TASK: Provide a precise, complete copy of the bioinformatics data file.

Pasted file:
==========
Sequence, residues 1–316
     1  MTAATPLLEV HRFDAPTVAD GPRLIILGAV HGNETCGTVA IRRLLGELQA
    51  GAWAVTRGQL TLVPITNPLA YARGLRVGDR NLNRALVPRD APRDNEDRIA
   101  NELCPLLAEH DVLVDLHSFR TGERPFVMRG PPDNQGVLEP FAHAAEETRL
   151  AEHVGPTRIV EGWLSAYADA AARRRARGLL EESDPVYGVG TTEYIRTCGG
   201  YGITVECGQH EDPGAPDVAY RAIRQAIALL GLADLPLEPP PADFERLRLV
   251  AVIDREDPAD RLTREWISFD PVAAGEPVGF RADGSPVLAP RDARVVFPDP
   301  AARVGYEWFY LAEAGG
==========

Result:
Sequence, residues 1–316
     1  MTAATPLLEV HRFDAPTVAD GPRLIILGAV HGNETCGTVA IRRLLGELQA
    51  GAWAVTRGQL TLVPITNPLA YARGLRVGDR NLNRALVPRD APRDNEDRIA
   101  NELCPLLAEH DVLVDLHSFR TGERPFVMRG PPDNQGVLEP FAHAAEETRL
   151  AEHVGPTRIV EGWLSAYADA AARRRARGLL EESDPVYGVG TTEYIRTCGG
   201  YGITVECGQH EDPGAPDVAY RAIRQAIALL GLADLPLEPP PADFERLRLV
   251  AVIDREDPAD RLTREWISFD PVAAGEPVGF RADGSPVLAP RDARVVFPDP
   301  AARVGYEWFY LAEAGG